When it comes to child mortality, 10.6 million children died before the age of 5 in 2003 (same as children population in France, Germany, Greece and Italy). 1.4 million die each year from lack of access to safe drinking water and adequate sanitation. 2.2 million children die each year because they are not immunized. 15 million children orphaned due to HIV/AIDS (similar to the total children population in Germany or United Kingdom).
Basic education for all would probably cost around 6 billion $US. That 2 billion less that the US spends on cosmetics and 5 billion less that Europeans spend on ice cream. Military spending in the world is 780 billion.
Basic education, health care and safe water would cost an estimated 28 billion dollars. That's less than 4% of the military budget.
All these numbers can seem overwhelming and leave you feeling like there's nothing you can do that could ever make a difference. But you'd be wrong.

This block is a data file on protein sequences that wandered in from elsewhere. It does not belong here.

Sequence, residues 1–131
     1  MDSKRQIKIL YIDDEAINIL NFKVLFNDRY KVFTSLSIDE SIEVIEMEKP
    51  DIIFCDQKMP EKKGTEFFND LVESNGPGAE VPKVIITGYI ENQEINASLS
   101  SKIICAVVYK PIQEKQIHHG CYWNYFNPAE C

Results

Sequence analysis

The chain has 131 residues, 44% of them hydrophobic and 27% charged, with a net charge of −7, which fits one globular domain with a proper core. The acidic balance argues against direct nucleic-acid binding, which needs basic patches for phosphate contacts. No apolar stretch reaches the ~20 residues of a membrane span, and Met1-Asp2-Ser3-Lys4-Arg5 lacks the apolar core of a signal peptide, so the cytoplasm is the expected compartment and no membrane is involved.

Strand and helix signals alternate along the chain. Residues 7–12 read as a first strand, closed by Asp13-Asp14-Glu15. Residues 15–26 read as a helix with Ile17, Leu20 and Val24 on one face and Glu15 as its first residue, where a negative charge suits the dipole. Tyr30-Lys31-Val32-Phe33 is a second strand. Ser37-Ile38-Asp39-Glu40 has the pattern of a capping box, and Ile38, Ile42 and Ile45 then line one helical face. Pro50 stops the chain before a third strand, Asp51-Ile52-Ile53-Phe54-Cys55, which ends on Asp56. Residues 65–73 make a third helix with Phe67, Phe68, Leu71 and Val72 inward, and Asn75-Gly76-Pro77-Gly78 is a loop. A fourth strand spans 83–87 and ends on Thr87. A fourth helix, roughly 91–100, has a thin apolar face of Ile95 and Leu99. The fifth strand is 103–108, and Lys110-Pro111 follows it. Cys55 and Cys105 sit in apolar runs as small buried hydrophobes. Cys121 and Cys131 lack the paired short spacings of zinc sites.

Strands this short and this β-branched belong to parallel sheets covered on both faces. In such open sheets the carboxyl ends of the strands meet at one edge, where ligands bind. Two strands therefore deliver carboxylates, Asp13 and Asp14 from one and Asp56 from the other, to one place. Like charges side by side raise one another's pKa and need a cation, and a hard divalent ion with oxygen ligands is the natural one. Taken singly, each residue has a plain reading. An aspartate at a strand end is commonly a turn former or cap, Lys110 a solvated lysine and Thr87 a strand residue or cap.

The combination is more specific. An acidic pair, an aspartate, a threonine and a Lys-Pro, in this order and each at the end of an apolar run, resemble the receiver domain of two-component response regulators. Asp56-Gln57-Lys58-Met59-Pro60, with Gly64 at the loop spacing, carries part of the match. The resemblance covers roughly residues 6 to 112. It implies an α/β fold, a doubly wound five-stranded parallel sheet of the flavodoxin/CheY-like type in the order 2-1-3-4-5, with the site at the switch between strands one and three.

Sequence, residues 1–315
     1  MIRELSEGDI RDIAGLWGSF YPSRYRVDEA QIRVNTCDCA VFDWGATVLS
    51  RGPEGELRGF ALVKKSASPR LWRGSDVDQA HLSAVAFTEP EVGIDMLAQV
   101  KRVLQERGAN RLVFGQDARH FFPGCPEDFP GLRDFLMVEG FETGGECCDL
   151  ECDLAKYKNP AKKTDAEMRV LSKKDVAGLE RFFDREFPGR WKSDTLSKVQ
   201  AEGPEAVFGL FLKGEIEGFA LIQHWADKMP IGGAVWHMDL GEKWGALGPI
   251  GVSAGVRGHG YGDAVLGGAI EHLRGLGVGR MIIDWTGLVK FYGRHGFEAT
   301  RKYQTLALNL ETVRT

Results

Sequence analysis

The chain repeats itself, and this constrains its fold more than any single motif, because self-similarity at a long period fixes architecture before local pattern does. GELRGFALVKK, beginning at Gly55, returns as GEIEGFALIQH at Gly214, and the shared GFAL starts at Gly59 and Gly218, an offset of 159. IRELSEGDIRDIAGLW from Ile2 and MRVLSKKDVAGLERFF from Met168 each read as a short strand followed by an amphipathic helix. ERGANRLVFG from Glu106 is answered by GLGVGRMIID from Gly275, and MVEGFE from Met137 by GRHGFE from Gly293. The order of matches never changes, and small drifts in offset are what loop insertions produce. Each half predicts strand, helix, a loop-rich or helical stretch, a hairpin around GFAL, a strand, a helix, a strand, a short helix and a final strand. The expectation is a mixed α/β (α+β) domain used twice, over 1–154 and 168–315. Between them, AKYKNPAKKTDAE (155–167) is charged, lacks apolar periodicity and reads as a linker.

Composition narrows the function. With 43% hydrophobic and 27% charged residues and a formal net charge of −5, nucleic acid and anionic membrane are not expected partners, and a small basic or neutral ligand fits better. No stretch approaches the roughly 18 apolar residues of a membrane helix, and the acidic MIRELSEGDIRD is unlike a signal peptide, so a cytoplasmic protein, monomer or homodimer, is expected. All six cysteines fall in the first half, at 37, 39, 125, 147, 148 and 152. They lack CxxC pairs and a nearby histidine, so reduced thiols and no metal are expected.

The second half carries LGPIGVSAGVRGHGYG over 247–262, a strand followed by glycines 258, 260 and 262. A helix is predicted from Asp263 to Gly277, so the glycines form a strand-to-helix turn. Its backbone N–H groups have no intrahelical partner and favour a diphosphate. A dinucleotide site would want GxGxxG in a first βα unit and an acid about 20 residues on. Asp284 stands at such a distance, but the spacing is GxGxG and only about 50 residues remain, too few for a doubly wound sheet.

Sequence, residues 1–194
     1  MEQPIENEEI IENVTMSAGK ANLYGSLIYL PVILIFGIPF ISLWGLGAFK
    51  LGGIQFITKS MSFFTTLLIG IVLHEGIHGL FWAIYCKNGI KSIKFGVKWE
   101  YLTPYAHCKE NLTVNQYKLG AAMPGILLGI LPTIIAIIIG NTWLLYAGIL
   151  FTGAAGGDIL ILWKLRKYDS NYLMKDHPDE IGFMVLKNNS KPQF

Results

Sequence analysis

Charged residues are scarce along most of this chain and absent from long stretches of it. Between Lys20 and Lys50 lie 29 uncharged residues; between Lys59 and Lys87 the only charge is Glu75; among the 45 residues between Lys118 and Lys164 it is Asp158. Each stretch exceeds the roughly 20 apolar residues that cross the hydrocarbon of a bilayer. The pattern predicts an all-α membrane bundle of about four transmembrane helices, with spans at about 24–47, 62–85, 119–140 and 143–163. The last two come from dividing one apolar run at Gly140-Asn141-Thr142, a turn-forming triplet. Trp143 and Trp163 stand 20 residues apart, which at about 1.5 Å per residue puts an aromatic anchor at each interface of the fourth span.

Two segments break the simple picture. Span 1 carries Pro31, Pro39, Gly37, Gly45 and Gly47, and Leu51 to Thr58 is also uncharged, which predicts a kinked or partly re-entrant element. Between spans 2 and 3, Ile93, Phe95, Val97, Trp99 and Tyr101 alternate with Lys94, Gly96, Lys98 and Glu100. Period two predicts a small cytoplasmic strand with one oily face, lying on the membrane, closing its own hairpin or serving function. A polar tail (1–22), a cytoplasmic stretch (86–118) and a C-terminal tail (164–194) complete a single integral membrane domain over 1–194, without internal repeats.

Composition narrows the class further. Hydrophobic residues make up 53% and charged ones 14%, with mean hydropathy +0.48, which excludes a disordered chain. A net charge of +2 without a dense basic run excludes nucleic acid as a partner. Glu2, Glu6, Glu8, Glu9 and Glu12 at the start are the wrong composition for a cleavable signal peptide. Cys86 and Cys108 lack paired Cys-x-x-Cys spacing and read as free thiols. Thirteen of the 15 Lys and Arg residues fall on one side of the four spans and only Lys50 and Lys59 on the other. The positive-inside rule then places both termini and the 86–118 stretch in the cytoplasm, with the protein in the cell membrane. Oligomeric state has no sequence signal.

For less than £20 a month (40$), you can change a child's life through a sponsorship programme. Sponsorship helps to break the cycle of childhood poverty, through education, health and welfare. Often, child sponsorship is connected to a wider project in a local community. You not only change the life of a child, you are influencing change in a community.
Go on, make your own dent in those numbers!
Compassion; World vision
For UK readers:
Compassion; World vision
Monday, October 15, 2007
If you asked folk at Cotton End Baptist Church what bothers me, they'd probably mention the chairs! I'm not obsessive, but I do like them to be right, or at the very least look fairly neat and tidy. Other people of course are less worried and just stick the chairs roughly where they think they remember them being. And that sentence in itself probably tells you a lot about how I like to see them!
I guess there are things about me that people see that I don't see. And when they point them out, as some are apt to do, it can be quite painful to hear. How you handle such moments is truly a measure of one's maturity.